Articles | Volume 14, issue 4
Special issue:
ESD Ideas
04 Aug 2023
ESD Ideas |  | 04 Aug 2023

ESD Ideas: A 6-year oscillation in the whole Earth system?

Anny Cazenave, Julia Pfeffer, Mioara Mandea, and Veronique Dehant

An oscillation of about 6 years has been reported in Earth's fluid core motions, magnetic field, rotation, and crustal deformations. Recently, a 6-year cycle has also been detected in several climatic parameters (e.g., sea level, surface temperature, precipitation, land hydrology, land ice, and atmospheric angular momentum). Here, we suggest that the 6-year oscillations detected in the Earth's deep interior, rotation, and climate are linked together and that the core processes previously proposed as drivers of the 6-year cycle in the Earth's rotation additionally cause the atmosphere to oscillate together with the mantle, inducing fluctuations in the climate system with similar periodicities.


Numerous studies have reported a ∼6-year cycle in the rotation of the Earth's mantle (or equivalently in the length of day – LOD) (e.g., Abarca de Rio et al., 2000, and many subsequent publications). While LOD oscillations related to seasonal changes and the El Niño–Southern Oscillation (ENSO) are well explained by the exchange of angular momentum from the atmosphere (and to a lesser degree, from the oceans and hydrosphere) to the mantle, the 6-year signal in LOD has been attributed to deep Earth processes, namely the exchange of angular momentum between the core and the mantle (see Rekier et al., 2022, and references therein) (Fig. 1). However, the exact nature of the torques at work is still debated. One mechanism invokes electromagnetic coupling. Relying on geomagnetic data (that display a clear 6-year cycle, in particular in the secular acceleration) and inferred core flow modeling, Gillet et al. (2010) showed that the 6-year signal in LOD can be predicted by the geostrophic wave-like pattern induced by torsional Alfven waves traveling from the inner core to the outer core, with a fundamental mode of 6 years. Another proposed mechanism is a gravitational coupling between the mantle and the inner core (e.g., Chao, 2017).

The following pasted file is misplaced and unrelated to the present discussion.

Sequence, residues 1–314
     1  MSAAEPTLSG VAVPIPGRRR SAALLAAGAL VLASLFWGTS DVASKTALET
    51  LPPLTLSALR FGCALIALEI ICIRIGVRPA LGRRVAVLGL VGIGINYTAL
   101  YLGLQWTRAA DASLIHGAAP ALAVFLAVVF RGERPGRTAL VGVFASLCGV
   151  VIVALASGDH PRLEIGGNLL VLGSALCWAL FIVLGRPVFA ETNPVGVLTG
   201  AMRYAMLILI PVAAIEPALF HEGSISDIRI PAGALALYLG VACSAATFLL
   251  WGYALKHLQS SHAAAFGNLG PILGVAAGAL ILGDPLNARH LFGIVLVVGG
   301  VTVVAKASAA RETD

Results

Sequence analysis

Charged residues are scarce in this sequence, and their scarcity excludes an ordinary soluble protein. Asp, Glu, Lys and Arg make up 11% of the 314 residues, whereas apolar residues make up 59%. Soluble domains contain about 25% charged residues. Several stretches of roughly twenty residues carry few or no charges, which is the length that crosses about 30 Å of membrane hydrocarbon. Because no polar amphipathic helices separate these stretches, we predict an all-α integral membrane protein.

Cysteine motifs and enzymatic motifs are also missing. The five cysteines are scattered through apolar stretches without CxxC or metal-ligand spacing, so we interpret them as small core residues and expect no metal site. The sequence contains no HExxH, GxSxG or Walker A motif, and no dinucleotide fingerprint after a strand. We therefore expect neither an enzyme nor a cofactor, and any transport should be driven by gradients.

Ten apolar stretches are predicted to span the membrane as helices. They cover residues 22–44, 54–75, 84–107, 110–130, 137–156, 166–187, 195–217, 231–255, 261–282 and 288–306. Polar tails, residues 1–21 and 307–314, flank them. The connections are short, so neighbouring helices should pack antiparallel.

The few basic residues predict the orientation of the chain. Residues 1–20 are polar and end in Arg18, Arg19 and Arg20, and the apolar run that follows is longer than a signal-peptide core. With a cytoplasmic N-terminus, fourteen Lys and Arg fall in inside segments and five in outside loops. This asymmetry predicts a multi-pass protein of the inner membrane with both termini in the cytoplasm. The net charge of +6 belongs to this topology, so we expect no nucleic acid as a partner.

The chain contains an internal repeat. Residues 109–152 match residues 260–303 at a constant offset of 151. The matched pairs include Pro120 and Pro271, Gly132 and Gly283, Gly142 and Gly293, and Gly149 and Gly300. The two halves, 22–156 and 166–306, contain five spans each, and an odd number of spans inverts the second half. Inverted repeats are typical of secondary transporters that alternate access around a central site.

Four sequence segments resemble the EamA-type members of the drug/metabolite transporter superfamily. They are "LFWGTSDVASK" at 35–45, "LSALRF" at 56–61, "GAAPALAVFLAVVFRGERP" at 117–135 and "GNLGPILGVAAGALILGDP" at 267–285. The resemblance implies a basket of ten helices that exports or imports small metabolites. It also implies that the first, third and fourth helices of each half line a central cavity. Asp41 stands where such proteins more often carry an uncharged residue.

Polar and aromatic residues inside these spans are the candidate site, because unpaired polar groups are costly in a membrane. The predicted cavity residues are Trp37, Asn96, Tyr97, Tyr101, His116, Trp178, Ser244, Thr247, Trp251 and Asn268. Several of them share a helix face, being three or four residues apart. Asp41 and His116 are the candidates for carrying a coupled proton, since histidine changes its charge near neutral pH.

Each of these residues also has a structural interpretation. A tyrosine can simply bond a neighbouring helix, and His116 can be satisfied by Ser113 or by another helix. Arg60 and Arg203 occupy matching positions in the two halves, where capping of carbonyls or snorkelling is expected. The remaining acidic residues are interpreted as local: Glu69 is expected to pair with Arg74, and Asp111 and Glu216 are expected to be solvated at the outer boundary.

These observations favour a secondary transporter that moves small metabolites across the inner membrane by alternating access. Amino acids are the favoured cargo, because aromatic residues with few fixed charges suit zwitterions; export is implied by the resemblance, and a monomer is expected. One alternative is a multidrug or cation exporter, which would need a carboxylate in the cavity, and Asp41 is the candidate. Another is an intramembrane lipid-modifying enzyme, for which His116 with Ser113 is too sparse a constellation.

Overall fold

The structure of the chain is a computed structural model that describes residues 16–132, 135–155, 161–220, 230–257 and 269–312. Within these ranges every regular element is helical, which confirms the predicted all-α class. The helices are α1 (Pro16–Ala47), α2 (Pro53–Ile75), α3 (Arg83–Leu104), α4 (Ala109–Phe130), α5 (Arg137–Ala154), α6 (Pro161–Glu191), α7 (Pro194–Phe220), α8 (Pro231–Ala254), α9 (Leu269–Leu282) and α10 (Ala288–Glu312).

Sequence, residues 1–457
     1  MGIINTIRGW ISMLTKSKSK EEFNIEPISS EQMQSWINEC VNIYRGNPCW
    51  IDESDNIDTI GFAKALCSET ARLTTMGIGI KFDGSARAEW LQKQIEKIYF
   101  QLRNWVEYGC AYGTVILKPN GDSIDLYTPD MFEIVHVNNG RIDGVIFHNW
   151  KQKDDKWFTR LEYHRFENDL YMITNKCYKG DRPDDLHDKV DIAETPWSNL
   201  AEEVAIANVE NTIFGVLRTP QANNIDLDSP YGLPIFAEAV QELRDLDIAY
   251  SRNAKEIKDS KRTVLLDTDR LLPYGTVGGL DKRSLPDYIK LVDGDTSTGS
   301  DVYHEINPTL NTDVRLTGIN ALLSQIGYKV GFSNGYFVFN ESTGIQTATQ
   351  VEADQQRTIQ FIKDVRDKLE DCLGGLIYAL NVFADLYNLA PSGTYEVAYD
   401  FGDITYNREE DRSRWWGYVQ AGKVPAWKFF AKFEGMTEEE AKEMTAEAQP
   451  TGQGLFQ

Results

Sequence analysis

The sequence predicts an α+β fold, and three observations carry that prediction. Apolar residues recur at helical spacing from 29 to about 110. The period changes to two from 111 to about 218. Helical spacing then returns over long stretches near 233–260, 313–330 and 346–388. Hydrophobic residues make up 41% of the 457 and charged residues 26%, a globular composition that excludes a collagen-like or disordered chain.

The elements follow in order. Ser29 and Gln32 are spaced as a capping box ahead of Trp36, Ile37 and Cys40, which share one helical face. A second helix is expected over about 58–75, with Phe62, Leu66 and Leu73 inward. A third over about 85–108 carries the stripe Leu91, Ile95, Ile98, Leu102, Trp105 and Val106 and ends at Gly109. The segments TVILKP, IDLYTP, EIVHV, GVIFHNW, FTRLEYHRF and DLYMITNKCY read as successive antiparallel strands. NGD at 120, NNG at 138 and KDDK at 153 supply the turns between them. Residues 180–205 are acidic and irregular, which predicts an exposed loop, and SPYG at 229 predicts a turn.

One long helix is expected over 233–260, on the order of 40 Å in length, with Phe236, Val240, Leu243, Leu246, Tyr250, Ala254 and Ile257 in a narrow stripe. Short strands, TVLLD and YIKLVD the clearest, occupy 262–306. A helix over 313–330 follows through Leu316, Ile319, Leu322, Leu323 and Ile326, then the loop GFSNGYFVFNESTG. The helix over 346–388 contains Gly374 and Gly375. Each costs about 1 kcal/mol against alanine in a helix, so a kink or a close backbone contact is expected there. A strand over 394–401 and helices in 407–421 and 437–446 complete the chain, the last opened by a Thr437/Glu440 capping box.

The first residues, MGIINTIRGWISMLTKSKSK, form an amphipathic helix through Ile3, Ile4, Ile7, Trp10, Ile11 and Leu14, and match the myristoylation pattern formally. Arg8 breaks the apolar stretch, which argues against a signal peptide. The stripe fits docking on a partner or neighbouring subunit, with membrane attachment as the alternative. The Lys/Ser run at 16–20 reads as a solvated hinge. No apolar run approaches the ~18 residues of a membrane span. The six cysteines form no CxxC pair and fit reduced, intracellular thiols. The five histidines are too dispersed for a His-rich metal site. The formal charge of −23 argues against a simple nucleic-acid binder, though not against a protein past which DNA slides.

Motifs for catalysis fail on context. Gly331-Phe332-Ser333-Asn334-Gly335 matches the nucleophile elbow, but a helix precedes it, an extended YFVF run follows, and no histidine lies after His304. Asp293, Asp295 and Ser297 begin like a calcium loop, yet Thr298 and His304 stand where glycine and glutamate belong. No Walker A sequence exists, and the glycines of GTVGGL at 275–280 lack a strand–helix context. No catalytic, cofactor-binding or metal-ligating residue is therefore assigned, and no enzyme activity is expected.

A recent study by Chen et al. (2019) also reported a strong 6-year signal in the motion of the Earth's axis of rotation. Mass redistributions in the surface fluid envelopes (atmosphere, oceans, and land hydrosphere) appear to be unable to explain this observation, suggesting instead deep Earth sources, as is the case for LOD. Using satellite laser ranging and GRACE (Gravity Recovery and Climate Experiment) space gravimetry data, Chao and Yu (2020) reported a 6-year variation in the degree-2, order-2 spherical harmonics of the gravity field (or equivalently in the ellipticity of the Earth's Equator). They attributed it to a gravitational coupling between the solid inner core and the Earth's mantle. Other studies (Watkins et al., 2018; Ding and Chao, 2018) based on GPS (Global Positioning System) data also reported a 6-year cycle in crustal deformations. According to these authors, loading from the surface fluid envelopes (atmosphere, oceans, and land hydrosphere) cannot explain this 6-year signal. They rather suggest core–mantle coupling as the source of the surface deformations.

Figure 1Schematic representation of the different layers of the Earth system, from the solid inner core to the atmosphere, and of the coupling mechanisms at the outer core–mantle boundary. The thin black curves around the Earth represent the magnetic field lines.